A Skin Expert Just Told Me How to Actually Get Rid of Dark Circles


I often get asked what it is that I love about working in beauty, and for me, it’s simple: It’s the magic of beauty products. Sure, it might sound a little bit Marie Kondo, but I’m always amazed at the transformative nature of beauty. Sometimes it might be something small (like a primer that makes your skin look subtly brighter or an eyebrow gel that finally manages to fill in a sparse patch that’s been nagging you), while other times it might be something more obvious (like a full-on hair transformation or forgoing your usual lip balm for a bold red lip). Either way, I find that I always feel most like myself when I’ve got the right beauty products on my side.

On the other hand, though, there are certain things that beauty products just can’t help with—despite the amount of marketing that might tell you otherwise. I have yet to find a lotion that will genuinely reduce the appearance of my cellulite, and nothing on the high street will actually completely heal my acne. Also, sometimes, no amount of dry shampoo will help with the fact I’m definitely overdue a hair wash.

If you’ve landed on this story, you’re probably wondering how to get rid of dark circles. But when it comes to under-eye circles, however, the jury’s out on just how much we can do about them. While there are plenty of concealers for dark circles that can temporarily disguise the appearance, it can be tricky to treat the direct cause of dark circles entirely with products alone.

Keep scrolling to find out how to get rid of dark circles under your eyes once and for all.

“There are three main causes of dark circles under our eyes,” explained Kerr. “The first is pigmentation, the second is having a thin skin, and the third is having hollowing under the eyes. It’s really important to be treating the right cause because a lot of people think that an eye cream can help with dark circles, but if the dark circles are caused by a loss of volume, for example, there is no way it’s going to help.”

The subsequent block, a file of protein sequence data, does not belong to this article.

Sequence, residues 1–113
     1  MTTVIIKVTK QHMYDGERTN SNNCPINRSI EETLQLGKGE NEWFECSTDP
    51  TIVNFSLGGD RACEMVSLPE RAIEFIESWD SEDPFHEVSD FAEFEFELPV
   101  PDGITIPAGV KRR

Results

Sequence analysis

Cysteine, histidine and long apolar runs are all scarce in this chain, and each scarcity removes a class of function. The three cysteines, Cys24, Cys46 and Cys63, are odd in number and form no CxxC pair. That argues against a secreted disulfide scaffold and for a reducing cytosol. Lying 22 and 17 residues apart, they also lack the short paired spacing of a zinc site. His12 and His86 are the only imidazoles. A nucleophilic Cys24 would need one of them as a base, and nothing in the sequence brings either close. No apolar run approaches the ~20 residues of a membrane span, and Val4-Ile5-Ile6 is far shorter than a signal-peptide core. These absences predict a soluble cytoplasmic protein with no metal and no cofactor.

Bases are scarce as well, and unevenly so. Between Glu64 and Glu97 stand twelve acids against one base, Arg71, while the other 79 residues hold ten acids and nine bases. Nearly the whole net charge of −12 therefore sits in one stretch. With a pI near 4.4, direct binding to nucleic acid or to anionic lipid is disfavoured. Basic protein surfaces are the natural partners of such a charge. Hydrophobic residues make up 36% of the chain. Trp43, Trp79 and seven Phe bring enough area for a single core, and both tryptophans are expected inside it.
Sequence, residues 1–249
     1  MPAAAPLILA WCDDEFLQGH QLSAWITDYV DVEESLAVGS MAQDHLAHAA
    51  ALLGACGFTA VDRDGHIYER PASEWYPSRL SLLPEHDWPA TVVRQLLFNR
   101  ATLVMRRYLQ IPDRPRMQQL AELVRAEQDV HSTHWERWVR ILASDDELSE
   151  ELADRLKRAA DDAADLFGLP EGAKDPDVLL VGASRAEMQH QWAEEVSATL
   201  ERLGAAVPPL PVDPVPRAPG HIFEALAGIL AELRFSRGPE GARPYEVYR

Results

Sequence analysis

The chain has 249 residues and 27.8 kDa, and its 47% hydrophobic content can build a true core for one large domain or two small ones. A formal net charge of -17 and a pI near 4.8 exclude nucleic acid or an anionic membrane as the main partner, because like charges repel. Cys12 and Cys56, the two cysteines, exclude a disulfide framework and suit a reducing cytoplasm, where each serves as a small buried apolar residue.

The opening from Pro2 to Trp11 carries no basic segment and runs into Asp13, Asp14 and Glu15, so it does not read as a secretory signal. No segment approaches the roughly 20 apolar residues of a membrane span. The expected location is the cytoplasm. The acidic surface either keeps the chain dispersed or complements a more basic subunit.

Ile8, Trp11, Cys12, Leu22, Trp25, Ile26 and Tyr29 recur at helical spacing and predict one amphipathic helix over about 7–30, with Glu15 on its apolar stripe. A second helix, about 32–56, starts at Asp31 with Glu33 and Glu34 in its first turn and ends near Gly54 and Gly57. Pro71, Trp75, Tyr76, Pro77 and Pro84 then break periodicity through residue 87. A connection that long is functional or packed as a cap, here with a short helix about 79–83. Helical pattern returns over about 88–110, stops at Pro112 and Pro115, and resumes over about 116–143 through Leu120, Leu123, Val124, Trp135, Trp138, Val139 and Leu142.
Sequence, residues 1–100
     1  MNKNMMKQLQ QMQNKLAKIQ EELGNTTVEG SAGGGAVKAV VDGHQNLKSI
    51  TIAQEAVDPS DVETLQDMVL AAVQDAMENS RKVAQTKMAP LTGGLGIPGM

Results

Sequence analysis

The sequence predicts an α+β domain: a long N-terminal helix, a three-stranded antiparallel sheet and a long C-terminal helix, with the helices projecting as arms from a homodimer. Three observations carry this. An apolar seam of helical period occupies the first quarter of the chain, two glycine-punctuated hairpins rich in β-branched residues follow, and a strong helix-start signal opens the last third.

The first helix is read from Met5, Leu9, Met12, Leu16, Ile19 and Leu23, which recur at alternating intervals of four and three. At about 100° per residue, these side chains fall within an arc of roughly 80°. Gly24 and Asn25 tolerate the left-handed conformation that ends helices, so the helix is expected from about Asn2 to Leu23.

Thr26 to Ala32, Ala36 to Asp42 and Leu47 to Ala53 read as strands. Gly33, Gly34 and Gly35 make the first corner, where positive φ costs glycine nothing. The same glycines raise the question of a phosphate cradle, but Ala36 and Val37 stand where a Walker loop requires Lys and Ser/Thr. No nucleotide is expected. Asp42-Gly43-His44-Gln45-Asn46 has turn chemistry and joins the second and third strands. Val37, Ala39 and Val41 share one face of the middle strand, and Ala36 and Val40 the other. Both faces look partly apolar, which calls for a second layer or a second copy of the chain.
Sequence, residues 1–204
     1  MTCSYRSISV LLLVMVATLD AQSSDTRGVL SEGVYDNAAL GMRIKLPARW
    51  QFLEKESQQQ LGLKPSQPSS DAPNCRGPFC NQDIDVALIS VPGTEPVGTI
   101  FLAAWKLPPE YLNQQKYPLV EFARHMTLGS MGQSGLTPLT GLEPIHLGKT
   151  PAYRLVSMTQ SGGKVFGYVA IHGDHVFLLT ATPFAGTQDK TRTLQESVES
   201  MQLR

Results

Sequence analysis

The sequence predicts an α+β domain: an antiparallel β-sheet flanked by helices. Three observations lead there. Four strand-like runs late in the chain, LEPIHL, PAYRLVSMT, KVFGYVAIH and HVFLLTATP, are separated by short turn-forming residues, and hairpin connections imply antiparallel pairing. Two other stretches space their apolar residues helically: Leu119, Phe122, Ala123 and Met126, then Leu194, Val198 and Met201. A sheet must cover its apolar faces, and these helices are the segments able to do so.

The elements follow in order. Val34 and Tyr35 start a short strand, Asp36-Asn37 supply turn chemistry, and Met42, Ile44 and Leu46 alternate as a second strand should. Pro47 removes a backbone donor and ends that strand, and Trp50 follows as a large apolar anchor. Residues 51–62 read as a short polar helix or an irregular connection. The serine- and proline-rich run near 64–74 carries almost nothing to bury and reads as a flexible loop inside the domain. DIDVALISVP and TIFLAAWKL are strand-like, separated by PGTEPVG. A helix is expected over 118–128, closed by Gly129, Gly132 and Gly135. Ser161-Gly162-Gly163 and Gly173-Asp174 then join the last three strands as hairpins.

Kerr explained that pigmentation is more common in darker skin types but can also be caused by inflammation and friction. “For example, wearing waterproof makeup and having to rub your eyes to remove it or frequently rubbing your eyes,” she said.

Having naturally thin skin means that you can see the veins and muscles underneath, which means that dark circles can be more visible. “This can also be caused by tiredness,” explained Kerr. “But also, it can be caused by allergies, or it can also just be from having very fair skin and it being more transparent.”

The hollowing under the eyes is “caused by a loss of volume that happens with age,” said Kerr. This loss of plumpness and elasticity almost creates a “trough,” which then creates shadowing and dark circles.

Now that you might have identified the causes of your dark circles, it’s time to work out how to keep them at bay. Thankfully, there are plenty of ways to do this, according to Kerr.

“If dark circles are caused by pigmentation, you can use ingredients that stabilise the melanocyte to help prevent the activation of the pigment,” advised Kerr. Look out for ingredients like L-ascorbic acid, a potent form of vitamin C, to help with this. “Being very gentle with the eyes and wearing lots of sunscreen can help with prevention, too.”

“If dark circles are caused by a thin skin, using a retinol-based eye cream will help to strengthen the area and create more of a barrier that hides the blood vessels underneath,” said Kerr.

“If dark circles are caused by a lack of volume, then, really, having a cosmetic procedure like a face filler is the only known prevention, as you can’t plump that up any other way,” explained Kerr. “The fat pads slip, and they also become smaller with age, so you get this loss of volume, and there is no way to replicate that other than to replace that volume.”

Luckily, if it’s too late to totally prevent your dark under-eye circles from appearing, then Kerr’s advice will also help to diminish the look of dark circles once they’re there.

Using light-reflective eye creams can also help minimise their appearance,” Kerr suggests. Looking for formulations with ingredients like retinol and vitamin C when choosing an eye cream will give you the best chance at reducing the darkness and preventing the dark circles from reoccurring on a regular basis.

Kerr is keen to point out that there is no quick fix for dark circles, however. Even if you opt for a filler, it’s only semi-permanent. “It will break down over time,” advised Kerr. To really combat dark circles, “you need to be constantly stabilising that melanocyte [which causes the dark pigmentation], so you need to be controlling it at all times.”

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